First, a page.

7: Leather And Lace (with Don Henley) (from ‘Bella Donna’, 1981)

Another duet, another opportunity to show just how perfectly Nicks could perform alongside other artists. Here, that would be Eagles’ frontman, Don Henley. Nicks is the lace to his leather on this track – her voice a frothy, taut delight that dances round the dependable sound of Henley. Originally penned by Nicks for Waylon Jennings and Jessi Colter, Leather And Lace went unused until Nicks’ own version hit the Top 10 on Billboard’s Hot 100.

6: After The Glitter Fades (from ‘Bella Donna’, 1981)

With its gorgeous country sound (thanks to Dan Dugmore’s pedal steel work), After The Glitter Fades is a perfect summary of Nicks’ career. Opening with the line “Well I never thought I’d make it here in Hollywood”, it charts the ride she’d taken from dreaming of being a singer-songwriter to being part of one of the biggest bands on the planet – with quite a few wild experiences along the way. It’s also interesting that this song appears on Nicks’ debut album – her first step away from the behemoth of Fleetwood Mac, and a time to prove herself as formidable a songwriter and singer as her 70s counterparts.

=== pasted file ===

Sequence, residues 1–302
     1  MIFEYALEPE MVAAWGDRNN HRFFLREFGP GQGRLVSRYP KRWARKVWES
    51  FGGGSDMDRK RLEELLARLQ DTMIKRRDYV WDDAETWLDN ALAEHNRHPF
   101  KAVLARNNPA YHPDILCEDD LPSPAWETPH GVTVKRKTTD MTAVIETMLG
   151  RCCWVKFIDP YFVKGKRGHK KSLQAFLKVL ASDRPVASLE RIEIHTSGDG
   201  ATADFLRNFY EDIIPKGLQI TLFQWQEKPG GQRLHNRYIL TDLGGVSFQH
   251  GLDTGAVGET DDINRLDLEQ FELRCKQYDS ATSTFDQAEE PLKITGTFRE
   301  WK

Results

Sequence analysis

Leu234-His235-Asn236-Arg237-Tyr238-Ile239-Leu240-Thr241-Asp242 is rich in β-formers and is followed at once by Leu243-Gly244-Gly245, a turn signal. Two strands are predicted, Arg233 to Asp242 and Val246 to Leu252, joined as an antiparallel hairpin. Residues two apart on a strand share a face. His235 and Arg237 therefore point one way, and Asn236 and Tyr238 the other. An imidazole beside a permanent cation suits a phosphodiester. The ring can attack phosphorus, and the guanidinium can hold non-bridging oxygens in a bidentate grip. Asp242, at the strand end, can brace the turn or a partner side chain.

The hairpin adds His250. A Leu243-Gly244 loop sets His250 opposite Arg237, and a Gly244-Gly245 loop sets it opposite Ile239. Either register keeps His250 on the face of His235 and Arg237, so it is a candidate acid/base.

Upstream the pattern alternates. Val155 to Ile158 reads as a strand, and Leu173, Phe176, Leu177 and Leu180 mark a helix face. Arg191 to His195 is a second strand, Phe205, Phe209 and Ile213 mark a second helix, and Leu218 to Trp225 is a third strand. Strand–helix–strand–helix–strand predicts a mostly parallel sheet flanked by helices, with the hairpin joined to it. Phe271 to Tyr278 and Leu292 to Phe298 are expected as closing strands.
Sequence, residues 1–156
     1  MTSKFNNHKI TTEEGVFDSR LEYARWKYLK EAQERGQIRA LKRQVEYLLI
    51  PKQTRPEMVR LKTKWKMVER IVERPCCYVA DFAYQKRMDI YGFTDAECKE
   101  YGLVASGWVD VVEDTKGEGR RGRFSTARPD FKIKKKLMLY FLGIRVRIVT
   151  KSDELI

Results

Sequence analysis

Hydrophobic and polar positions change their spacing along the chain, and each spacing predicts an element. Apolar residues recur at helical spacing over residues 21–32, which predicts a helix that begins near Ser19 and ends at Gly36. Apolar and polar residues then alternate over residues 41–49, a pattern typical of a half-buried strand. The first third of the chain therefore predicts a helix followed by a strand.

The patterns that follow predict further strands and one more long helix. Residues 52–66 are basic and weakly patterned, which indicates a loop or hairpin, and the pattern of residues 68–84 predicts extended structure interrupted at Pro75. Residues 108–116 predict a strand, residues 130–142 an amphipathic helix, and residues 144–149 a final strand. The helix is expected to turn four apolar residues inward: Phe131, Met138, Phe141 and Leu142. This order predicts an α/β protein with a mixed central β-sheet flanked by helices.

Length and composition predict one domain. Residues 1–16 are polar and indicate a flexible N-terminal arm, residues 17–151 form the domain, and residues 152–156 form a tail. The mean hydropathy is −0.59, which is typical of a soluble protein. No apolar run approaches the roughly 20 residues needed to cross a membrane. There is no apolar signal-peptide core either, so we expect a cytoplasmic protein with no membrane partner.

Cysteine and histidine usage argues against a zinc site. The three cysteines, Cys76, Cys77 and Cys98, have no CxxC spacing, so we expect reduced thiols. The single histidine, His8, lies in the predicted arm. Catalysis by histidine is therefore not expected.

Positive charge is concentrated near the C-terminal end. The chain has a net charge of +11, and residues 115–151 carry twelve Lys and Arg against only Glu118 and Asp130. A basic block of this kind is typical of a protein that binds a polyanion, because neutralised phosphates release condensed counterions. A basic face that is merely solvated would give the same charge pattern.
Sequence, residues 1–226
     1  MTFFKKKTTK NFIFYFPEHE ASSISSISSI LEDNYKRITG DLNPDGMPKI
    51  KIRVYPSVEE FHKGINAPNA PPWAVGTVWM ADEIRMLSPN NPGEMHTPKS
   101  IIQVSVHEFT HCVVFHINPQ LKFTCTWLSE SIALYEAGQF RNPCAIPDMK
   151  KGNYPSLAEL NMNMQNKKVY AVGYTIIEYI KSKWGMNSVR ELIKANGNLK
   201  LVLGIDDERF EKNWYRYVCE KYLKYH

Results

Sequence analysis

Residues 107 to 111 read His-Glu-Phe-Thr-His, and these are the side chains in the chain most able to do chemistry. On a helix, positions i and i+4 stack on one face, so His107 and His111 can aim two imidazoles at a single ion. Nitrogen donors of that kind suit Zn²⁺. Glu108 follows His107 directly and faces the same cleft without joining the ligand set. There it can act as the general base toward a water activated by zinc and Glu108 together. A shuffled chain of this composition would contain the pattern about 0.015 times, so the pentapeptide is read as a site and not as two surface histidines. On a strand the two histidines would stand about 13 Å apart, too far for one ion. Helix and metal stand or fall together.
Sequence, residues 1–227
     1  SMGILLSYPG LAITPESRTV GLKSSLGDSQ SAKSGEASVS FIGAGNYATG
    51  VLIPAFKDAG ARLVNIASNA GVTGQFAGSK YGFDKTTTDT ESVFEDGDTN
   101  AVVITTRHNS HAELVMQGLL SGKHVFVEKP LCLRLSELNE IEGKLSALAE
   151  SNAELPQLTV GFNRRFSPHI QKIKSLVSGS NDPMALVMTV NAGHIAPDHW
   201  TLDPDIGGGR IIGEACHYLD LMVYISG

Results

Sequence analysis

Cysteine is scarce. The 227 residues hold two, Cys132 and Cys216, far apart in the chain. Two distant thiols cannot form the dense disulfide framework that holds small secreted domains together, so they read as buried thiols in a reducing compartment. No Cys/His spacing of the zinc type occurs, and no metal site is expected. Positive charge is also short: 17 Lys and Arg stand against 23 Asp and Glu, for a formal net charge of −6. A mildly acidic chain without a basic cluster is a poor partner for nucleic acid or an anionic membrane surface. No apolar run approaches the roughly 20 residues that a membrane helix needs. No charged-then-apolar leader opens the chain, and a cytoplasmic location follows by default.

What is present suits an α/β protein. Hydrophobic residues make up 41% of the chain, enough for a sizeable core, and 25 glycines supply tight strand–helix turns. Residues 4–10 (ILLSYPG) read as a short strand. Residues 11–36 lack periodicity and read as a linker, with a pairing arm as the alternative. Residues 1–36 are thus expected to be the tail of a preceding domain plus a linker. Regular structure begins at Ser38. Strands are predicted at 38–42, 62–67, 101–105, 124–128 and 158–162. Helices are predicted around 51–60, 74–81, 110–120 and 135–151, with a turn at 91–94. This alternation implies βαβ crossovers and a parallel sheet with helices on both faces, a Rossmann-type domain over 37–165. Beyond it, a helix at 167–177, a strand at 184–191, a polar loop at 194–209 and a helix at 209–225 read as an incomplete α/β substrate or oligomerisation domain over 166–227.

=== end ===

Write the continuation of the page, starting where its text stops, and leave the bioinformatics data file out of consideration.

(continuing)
Speaking of her time in Fleetwood Mac following the release of Bella Donna, Nicks told US magazine in October 1981, “You’re very protected and dependent. For so long you’re not allowed to make your own decisions that suddenly you don’t want to any more. Doing my solo album was the only step I could take to show I still had control.” Here she sounds in complete control, aided by her chosen backing vocalists and friends Lori Perry and Sharon Celani, who feature prominently on the record and help to give it a beautiful feminine feel, making Bella Donna very much a Nicks solo project.

5: Stop Draggin’ My Heart Around (with Tom Petty) (from ‘Bella Donna’, 1981)

Speaking of Tom Petty, it would be crazy not to include this sensational duet among the best Stevie Nicks songs. Recorded for Nicks’ 1981 solo debut, Bella Donna, Stop Draggin’ My Heart Around was co-written by Petty and Campbell, and has The Heartbreakers’ classic Americana sound stamped all over it. Producer Jimmy Iovine, who was working with Petty and who wanted to market a solo Stevie Nicks as a female counterpart to the heartland star, arranged for her to sing on the track. It was a good decision, as Nicks’ vocal entwines perfectly with Petty’s, making for a smooth-sounding number with punchy lyrics (“Baby, you could never look me in the eye/Yeah, you buckle with the weight of the words”) that really land when the pair belt them out to perfect effect.

4: Blue Denim (from ‘Street Angel’, 1994)